The Phu Thong Post has been listed as the nation’s historical relic site.
After joining the celebrations, Tho and his comrades visited the town’s Thanh Temple in Phuong Linh Commune. It is a big temple, the most outstanding in the commune, and was built on the top of Don Dien Hill.
|Nature’s miracle: A section of Dau Dang Waterfall.|
Legend has it that Thanh Temple was a place to worship a prince who was credited with stamping out gangs of robbers in the region.
During a duel fight with the rebels at the Na Phai field, the prince was killed, and his head fell into the Na Mo rice fields. Remarkably, his body still remained on his horse’s back until reaching Don Dien Hill before falling off, Tho said.
Local people built the temple to worship him as a saint, while the court placed the temple in royal annals. Since then people call it Thanh Temple and an annual spring festival is held in the first lunar month.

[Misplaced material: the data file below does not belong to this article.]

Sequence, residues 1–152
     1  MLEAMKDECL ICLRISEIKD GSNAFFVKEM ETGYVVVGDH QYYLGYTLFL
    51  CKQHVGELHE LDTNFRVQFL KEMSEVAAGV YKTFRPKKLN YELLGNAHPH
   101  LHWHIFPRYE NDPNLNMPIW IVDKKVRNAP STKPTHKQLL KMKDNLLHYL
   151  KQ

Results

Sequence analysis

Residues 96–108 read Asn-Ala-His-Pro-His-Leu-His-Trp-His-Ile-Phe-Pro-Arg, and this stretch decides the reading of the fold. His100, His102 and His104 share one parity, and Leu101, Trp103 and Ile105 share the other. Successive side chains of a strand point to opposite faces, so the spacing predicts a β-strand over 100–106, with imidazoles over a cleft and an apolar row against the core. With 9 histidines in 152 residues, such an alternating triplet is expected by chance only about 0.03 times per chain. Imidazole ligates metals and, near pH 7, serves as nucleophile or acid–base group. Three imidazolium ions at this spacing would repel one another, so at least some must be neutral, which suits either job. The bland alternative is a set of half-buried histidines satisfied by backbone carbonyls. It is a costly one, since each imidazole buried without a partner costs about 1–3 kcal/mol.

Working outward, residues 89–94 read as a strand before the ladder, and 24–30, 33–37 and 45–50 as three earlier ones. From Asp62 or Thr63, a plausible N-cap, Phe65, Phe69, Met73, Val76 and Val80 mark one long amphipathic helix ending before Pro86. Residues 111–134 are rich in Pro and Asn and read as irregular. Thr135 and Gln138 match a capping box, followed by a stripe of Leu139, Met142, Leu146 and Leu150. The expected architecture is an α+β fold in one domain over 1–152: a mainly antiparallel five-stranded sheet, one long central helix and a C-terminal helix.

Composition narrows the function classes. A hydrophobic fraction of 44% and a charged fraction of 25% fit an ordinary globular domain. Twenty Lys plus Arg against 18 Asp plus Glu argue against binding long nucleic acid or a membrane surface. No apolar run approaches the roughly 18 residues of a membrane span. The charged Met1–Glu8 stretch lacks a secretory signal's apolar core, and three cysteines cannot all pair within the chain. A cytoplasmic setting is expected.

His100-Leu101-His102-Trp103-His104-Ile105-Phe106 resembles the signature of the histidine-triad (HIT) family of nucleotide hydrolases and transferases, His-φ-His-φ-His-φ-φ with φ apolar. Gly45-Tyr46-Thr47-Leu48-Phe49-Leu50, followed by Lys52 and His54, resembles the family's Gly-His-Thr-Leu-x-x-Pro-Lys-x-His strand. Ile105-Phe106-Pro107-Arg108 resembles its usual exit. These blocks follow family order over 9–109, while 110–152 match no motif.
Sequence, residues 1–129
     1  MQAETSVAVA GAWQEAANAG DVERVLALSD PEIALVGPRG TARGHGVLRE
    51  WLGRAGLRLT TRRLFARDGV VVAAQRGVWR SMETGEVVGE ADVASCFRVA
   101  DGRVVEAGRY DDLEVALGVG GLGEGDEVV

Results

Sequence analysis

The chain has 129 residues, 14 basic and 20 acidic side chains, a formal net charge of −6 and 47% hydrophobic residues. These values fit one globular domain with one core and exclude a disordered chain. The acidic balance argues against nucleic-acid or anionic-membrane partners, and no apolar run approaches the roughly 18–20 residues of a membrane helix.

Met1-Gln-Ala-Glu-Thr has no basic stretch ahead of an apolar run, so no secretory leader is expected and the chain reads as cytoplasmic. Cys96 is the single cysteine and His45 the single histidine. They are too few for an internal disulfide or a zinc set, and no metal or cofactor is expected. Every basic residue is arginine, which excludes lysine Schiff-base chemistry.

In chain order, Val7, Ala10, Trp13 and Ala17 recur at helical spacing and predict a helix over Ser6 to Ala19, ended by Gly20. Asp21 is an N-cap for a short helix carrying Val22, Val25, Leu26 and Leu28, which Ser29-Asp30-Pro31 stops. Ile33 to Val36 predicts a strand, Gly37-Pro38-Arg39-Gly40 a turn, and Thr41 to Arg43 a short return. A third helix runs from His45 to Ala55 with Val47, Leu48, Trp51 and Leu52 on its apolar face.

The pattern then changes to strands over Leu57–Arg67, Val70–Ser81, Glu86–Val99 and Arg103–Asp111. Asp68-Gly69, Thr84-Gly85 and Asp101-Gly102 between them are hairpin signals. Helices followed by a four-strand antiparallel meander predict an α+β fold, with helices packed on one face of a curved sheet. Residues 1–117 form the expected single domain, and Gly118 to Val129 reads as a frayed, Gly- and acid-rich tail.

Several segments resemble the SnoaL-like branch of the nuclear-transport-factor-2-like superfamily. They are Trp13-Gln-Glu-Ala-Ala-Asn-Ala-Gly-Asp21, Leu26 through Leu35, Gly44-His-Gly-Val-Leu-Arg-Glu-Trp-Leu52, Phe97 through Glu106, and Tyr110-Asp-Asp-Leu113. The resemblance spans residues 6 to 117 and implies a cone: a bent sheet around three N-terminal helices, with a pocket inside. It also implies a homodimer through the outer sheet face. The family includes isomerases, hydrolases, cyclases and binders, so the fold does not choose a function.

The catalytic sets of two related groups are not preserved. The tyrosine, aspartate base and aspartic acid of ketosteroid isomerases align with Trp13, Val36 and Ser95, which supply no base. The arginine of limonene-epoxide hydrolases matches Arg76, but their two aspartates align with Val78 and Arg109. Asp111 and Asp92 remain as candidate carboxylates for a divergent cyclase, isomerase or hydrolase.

Tho and his comrades burned jossticks to worship the saint and then continued to visit Na Hai Hamlet’s Quan De Temple to worship General Duong Tu Minh who was killed after fierce fighting with the enemy.
After these places of historical interest, Tho and his comrades visited Bac Kan’s beautiful Puong Cave and Dau Dang waterfall. Tho said many of the landscapes around the cave were still virgin country compared with 65 years ago when his army pass through.
Puong Cave is located on the Nang River in Ba Be District, about 5km from Cho Ra Town.